The National, Thursday 21st February, 2013
By MALUM NALU
THE coconut industry, which has a long and colourful history in coastal areas of Papua New Guinea, is alive and well despite the current very low copra prices on the world market.
This is the assurance from regulatory body, Kokonas Indastri Koporesen, which says copra production has become a way of life in coastal provinces of PNG and will continue to flourish despite current low prices.
Copra plantations in PNG have been cultivated since the late 19th century.
Originally established by German colonialists, they were superseded by Australian interests following World War II.
“In 1884, German settlers arrived in eastern New Guinea (now Papua New Guinea), and planted coconut palms for the production of copra, the dried flesh of the coconut,” according to Wikipedia.
“They established the colony of German New Guinea in the north eastern quarter of the island and numerous coconut plantations around coastal areas.
“They were afraid of venturing too far inland.
“To counter the growing German presence in the region, the Australian state of Queensland established the Territory of Papua as a de facto possession covering approximately the south east third of the island.
“Both the Queensland and German plantations thrived, providing opulent living conditions for the expatriates.
“Grand mansions were built on the plantations, complete with luxury furnishings.
“Much of the labour was performed by New Guinea natives.
“The towns of Port Moresby and Rabaul were founded as a result of the economic activity surrounding the plantations.
KIK acting industry affairs manager Alan Aku told The National that PNG last year produced 31,000 tonnes of copra compared to 46,000 in 2011, with export earnings – figures for which were still being finalised – being the lowest ever mainly because of the economic crisis in Europe.
“The drop in production is not much,” Aku said.
“Irrespective of the price going down (to its lowest levels ever), people are still producing.
“Production is not too bad.
“Our production figures for last year had shown that although the prices had gone down, farmers continued to produce copra, and we were still exporting.
“Some of those who have export licenses have opted not to export because the prices are low, and are both buying and stocking them up, or they are selling to local processing mills such as Copra Products Ltd in East New Britain or Pristine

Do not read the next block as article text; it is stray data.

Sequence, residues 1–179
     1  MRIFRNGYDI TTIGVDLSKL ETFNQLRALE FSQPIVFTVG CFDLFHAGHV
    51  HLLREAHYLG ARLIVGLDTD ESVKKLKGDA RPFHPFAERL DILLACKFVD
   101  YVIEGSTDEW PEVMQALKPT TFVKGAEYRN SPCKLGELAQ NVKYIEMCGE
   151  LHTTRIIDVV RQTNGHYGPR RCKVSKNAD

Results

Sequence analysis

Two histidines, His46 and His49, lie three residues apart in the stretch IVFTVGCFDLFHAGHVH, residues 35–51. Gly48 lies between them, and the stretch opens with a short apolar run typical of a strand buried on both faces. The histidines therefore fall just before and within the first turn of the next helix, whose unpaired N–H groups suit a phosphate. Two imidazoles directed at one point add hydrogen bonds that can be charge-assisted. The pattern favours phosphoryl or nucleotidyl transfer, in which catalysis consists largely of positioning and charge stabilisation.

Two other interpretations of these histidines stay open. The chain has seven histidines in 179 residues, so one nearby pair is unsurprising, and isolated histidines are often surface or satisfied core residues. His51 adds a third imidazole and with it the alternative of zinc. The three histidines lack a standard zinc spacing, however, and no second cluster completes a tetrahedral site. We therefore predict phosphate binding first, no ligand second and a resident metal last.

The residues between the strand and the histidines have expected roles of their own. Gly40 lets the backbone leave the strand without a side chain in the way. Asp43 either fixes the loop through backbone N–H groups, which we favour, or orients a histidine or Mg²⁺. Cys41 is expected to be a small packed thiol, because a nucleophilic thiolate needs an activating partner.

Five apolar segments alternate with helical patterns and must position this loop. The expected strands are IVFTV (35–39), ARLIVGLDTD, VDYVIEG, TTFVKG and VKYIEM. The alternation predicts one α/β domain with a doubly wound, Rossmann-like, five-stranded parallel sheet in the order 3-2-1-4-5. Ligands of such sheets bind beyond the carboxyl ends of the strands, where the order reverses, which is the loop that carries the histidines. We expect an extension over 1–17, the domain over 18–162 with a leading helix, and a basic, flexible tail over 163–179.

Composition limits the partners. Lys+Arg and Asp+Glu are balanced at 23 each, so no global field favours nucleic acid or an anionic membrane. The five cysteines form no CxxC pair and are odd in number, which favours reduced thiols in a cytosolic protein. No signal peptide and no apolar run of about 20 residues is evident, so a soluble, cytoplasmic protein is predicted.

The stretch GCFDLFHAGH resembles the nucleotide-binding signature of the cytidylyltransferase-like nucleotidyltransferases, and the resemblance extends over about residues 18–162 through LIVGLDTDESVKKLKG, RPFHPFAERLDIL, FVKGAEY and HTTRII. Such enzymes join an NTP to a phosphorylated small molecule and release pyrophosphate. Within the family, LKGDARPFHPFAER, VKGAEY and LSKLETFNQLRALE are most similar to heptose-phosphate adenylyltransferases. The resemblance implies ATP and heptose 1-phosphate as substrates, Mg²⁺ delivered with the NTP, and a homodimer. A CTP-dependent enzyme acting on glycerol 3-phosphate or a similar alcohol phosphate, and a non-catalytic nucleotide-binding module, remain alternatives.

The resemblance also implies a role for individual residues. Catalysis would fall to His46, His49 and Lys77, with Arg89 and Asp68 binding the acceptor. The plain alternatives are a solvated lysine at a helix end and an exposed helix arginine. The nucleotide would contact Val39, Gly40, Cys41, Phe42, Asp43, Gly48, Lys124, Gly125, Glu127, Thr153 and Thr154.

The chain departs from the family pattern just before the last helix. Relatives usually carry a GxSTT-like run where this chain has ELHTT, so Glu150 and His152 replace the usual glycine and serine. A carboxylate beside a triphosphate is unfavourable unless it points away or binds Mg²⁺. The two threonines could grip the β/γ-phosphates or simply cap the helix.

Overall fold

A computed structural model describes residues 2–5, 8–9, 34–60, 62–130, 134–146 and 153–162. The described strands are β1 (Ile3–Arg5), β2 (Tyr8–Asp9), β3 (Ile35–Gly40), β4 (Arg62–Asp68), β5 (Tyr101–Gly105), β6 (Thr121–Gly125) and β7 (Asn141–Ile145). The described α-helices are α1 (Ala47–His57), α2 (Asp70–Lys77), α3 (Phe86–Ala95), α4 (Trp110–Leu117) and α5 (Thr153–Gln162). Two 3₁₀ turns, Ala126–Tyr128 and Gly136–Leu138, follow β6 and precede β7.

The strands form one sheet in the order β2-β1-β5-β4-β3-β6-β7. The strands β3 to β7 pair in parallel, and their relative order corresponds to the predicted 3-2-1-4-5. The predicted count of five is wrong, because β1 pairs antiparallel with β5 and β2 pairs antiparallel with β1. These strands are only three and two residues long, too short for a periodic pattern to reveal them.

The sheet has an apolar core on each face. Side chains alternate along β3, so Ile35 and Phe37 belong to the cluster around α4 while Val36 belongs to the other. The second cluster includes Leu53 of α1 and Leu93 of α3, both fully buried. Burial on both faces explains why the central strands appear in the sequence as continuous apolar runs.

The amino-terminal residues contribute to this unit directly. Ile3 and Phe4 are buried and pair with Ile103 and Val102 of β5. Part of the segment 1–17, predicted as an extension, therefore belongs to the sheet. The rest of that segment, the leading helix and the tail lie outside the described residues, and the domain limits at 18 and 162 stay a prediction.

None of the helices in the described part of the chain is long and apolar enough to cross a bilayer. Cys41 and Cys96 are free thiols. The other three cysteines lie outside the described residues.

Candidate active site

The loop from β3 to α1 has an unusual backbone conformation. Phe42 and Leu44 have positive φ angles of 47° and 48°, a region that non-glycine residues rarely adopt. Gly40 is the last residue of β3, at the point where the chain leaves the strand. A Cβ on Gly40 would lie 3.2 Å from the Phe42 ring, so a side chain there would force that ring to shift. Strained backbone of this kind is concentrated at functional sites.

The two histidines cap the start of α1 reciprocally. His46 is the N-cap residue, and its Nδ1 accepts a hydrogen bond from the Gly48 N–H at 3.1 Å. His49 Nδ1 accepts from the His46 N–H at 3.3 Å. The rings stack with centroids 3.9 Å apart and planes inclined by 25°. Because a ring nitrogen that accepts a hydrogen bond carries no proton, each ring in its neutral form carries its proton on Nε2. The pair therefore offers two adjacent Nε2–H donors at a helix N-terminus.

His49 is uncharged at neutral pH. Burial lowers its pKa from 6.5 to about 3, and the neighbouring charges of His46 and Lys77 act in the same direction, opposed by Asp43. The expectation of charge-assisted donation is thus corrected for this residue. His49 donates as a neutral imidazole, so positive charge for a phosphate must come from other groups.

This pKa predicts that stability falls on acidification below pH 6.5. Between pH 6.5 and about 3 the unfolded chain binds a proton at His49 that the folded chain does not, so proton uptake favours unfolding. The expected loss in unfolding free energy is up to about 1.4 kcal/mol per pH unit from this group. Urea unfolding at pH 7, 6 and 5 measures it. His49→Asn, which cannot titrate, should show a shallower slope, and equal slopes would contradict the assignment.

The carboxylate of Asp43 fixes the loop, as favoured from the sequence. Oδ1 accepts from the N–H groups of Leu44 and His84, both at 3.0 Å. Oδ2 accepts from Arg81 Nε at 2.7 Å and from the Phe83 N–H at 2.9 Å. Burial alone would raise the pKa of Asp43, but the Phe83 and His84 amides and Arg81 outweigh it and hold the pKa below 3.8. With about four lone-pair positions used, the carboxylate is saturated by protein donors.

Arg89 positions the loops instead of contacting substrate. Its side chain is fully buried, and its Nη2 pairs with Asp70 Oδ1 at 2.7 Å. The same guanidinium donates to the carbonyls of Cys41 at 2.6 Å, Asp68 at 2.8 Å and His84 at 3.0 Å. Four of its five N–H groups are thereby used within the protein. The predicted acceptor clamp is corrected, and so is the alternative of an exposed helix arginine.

“These are the two mills we have operating in PNG.
The current major producers of copra in the country are Bougainville, East New Britain, West New Britain, Madang, New Ireland and Milne Bay.
KIK’s predecessor, the Copra Marketing Board, had depots in all coastal provinces and had a monopoly over copra buying until its demise.
“Copra Marketing Board was the monopoly copra buyer in the country,” Aku said.
“It set up depots in all coastal provinces and was buying, that’s when the provinces were interested in producing copra.
“But then, government wanted to liberate the market, so they took away the marketing power of Copra Marketing Board and made it available to the private sector.
“They changed KIK to become the only regulatory body.
“That’s when the market was opened up to private entities who wanted to go into buying and selling, it’s all private sector now.
“It happened in 2001; in 2002 KIK came into operation.
“That’s why Gulf has stopped producing copra, Central has stopped producing copra, Morobe has stopped producing copra, East Sepik has scaled down, Manus has gone down, Northern has gone down.
“These provinces have stopped producing copra basically because there’s no market.
“Currently, copra production is centred on these six provinces: Bougainville, New Ireland, East New Britain, West New Britain, Madang, and Milne Bay.”
Aku explained that KIK was the regulator of the copra industry in PNG, and was responsible for issuing of licenses to buyers, processors, and exporters.